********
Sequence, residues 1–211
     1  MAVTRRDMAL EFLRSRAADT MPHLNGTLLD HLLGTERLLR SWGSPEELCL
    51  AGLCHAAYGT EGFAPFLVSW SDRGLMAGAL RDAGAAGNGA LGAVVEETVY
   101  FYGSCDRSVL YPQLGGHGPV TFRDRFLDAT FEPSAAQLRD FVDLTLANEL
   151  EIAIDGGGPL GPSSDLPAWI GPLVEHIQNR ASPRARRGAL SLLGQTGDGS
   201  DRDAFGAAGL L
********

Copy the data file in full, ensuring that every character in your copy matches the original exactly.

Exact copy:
Sequence, residues 1–211
     1  MAVTRRDMAL EFLRSRAADT MPHLNGTLLD HLLGTERLLR SWGSPEELCL
    51  AGLCHAAYGT EGFAPFLVSW SDRGLMAGAL RDAGAAGNGA LGAVVEETVY
   101  FYGSCDRSVL YPQLGGHGPV TFRDRFLDAT FEPSAAQLRD FVDLTLANEL
   151  EIAIDGGGPL GPSSDLPAWI GPLVEHIQNR ASPRARRGAL SLLGQTGDGS
   201  DRDAFGAAGL L